If a mass eviction crisis loomed, you would expect renters to be widely unhappy with their landlords. But as it turns out, those anecdotes don’t align with most renter experiences across the country.
J Turner Research pioneered the concept of the ORA Score—or “online reputation assessment.” ORA Scores in apartments nationally increased 109 basis points between May 2020 and May 2021, based on a same-store analysis by RealPage of both conventional and affordable housing. That means apartment renters are happier today with their property managers than they were last year—even through a pandemic. Those gains trace to yeoman efforts by property managers to protect their renters throughout the pandemic—funding rental assistance funds, providing flexible payment programs, and offering creative virtual solutions for residents to engage with each other and with site staff. (For full disclosure: the RealPage study focused only on professionally managed apartments.)
Going forward, NMHC has issued guidance to property managers on evictions that would likely help further reduce evictions going forward.
Rental Assistance Funds are Underutilized
Congress allocated nearly $47 billion toward its Emergency Rental Assistance program based largely on the same problematic datasets that forecast a mass eviction wave. Six months after its creation, only around 3% of the funds have been spent. Housing advocates have been quick to blame the slow pace of bureaucracy. That is certainly a contributing factor, and those delays must be addressed quickly. But is that the only factor? Curiously, no one is asking what should be a logical question to ask: Was it too much, too late? If funds remain unspent, Congress would be wise to reallocate those funds toward addressing the structural, pre-pandemic affordability challenges – either through vouchers or (even better) creation of new affordable housing.
Local Eviction Bans Persist
One of the more curious omissions by eviction forecasters: Few are adjusting for localized eviction bans that will outlast the federal moratorium. Not coincidentally, extended bans tend be concentrated in big coastal states harder hit by economic challenges related to the pandemic. As examples: California and Washington extended their eviction moratorium through September 30. New York’s runs through the end of August. New Jersey’s ban goes until January 1, 2022, but the state is considering a novel approach to weed out abuse, where higher-income renters could be evicted sooner. It’s worth pointing out that in these types of markets, local or state bans could very likely be extended further as local advocates pressure policymakers.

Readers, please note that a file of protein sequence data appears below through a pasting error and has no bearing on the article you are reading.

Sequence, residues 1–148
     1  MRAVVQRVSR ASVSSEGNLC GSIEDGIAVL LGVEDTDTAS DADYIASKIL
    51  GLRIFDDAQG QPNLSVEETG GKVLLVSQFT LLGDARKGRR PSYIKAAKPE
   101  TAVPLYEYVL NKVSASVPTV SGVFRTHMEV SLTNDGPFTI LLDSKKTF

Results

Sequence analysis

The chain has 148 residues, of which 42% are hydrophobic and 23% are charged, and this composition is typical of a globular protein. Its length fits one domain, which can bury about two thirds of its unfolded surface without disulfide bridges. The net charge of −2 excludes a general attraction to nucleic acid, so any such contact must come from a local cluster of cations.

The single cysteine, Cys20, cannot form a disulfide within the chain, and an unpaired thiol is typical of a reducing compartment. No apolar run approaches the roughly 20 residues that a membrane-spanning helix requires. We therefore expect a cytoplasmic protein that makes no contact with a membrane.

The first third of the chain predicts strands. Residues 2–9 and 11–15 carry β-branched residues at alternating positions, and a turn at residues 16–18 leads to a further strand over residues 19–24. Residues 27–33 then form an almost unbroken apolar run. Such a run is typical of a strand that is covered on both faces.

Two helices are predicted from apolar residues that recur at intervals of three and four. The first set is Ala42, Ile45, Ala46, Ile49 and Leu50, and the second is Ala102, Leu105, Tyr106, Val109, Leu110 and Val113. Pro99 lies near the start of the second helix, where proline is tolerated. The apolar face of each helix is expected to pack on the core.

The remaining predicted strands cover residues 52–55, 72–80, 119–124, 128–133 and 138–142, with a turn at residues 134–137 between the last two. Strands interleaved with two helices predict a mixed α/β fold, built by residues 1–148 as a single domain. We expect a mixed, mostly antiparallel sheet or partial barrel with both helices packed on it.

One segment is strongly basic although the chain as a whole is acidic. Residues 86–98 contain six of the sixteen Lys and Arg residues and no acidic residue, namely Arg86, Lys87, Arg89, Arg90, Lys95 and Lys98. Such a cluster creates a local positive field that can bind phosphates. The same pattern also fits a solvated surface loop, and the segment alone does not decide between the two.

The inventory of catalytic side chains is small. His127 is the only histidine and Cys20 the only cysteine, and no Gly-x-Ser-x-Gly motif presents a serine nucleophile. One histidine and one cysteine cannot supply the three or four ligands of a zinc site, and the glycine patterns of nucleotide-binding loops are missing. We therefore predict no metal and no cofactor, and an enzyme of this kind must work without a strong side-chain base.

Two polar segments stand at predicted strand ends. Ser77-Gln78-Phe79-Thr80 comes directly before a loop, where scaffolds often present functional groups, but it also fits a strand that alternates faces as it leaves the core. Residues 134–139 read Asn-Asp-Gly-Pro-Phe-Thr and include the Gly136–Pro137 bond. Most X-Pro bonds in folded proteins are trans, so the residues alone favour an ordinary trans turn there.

The expiration of the federal eviction moratorium does not open up the floodgates for immediate actual evictions, but it does open the door. The actual process and timeline can vary significantly based on location and asset-specific factors. It’s important to note that an eviction notice or filing does not mean an actual eviction. That process takes time, and often resolves amicably. When cases do go to court, they rarely move quickly—particularly with many local courtrooms backed up.
The evictions narrative has stolen attention away from the severe undersupply of affordable rental housing. According to Harvard, we need 8.3 million additional units of designated affordable housing just to meet current demand. The Biden administration has proposed funding to build or maintain 2 million additional units—which would be a significant start. More affordable housing creation is the single-most important step in solving America’s structural rental distress – a challenge that existed long before COVID-19.